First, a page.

Chinese Literature - Li-hua Ying 2010
PAN JUN (1957— )
PAN JUN (1957— ). Fiction writer. Born in a small town in Anhui Province, Pan Jun had a difficult and lonely childhood. His artist father, labeled a rightist one year after Pan was born, was sent to live in the countryside separated from his family for the next 18 years. Pan became known as an avant-garde writer in the late 1980s when his experimental fiction was first published, including “Nanfang de qingxu” (The Mood in the South), “Xianjin” (Trap), and “Sanyue yiri” (March the First), all about humanity’s fear and anxiety about surviving in the world. Other notable works written during this period include Baise shalong (A White Salon), “Liudong de shatan” (Moving Beach), and most important, Feng (Wind), which culminates his innovative effort with narrative techniques. Feng is written in three different narratives, representing respectively the historical perspective, the imagined world, and reality. Interlocked, they deconstruct one another, destroying the illusion that each has painstakingly created.
At the height of his success, Pan put his writing career on hold to join the business rush in the south, and in 1996, when he was financially secure, Pan resumed writing. In the second phase of his creative endeavor, Pan has produced an impressive range of works, from experimental plays to historical novels. The most significant is an autobiographical novel entitled Dubai yu shoushi (Soliloquy and Hand Gestures), in which the author and the narrator collapse to create a confessional narrative. In this tale about a writer who returns to his hometown after a long absence and reminisces about the past 30 years of his life, Pan explores self-imposed exile and historical imperative, themes that have preoccupied much of his work. The novel also manifests the author’s fascination with formalistic features through the integration of verbal narration with visual images of his own art, a talent developed during the years Pan spent in the countryside after high school. Other such innovative stories include novellas Lan bao (Blue Castle), Chong tong (Two Pupils in the Eye), Qiusheng fu (Ode to Autumn), and Taohua liushui (Peach Blossoms and Flowing Water).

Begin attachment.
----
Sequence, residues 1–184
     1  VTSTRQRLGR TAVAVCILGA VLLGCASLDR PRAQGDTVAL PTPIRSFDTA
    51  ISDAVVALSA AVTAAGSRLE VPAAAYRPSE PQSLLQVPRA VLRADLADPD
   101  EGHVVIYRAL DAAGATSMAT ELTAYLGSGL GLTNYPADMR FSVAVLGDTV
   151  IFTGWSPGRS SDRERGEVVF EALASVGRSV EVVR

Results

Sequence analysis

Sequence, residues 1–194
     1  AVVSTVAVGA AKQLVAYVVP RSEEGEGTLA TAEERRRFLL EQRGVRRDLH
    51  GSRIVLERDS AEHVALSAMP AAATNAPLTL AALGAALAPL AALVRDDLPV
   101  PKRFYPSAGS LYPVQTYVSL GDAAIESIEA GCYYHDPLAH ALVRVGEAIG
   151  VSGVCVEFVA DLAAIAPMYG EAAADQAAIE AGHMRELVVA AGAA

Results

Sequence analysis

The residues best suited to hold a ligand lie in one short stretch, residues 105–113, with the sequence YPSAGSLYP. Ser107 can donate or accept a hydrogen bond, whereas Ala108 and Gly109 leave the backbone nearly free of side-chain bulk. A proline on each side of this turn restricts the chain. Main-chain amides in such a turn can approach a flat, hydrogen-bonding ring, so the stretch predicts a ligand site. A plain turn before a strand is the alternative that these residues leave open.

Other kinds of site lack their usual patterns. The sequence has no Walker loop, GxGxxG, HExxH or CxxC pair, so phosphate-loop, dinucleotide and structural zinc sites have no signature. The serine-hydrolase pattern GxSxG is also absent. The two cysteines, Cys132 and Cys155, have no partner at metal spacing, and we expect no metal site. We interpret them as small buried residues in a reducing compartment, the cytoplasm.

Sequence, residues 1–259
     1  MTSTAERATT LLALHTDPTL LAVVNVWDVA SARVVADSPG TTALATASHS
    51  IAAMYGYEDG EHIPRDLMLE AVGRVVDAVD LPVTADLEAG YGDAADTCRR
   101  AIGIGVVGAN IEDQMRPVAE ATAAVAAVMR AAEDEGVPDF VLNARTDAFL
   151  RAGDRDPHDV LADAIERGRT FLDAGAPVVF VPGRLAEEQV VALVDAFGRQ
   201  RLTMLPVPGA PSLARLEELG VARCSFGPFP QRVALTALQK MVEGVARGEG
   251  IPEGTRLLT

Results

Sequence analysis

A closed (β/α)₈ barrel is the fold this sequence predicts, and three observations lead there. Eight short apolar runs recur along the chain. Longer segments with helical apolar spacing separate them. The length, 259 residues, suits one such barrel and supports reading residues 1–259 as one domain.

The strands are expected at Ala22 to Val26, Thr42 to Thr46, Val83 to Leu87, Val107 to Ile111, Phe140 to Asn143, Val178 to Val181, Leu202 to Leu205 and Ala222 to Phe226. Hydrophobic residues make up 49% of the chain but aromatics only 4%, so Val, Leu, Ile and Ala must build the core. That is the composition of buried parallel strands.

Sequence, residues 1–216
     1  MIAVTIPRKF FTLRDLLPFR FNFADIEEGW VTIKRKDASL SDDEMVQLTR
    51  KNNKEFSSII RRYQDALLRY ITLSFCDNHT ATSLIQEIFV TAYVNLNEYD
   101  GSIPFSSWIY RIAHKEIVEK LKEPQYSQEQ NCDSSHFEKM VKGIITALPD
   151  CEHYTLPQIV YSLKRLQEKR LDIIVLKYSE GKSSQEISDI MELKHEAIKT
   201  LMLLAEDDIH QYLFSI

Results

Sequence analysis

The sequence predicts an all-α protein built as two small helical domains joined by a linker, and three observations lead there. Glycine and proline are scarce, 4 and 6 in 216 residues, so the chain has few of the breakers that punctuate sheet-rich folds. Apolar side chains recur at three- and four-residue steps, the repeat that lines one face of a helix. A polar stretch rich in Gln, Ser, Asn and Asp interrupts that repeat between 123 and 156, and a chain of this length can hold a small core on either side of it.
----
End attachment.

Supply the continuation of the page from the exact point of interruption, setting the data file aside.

Pan’s most recent book, Sixing baogao (A Report on the Death Penalty), as its title indicates, examines tradition, law, and practice with regard to the death penalty. Pan cites many international cases, including the O. J. Simpson trial in the United States, to provide a comparative framework for the Chinese cases he focuses on. Inspired by an incident in which an innocent man was beaten to death while in police custody, the book represents the author’s concern over the lack of justice and compassion in China’s legal system.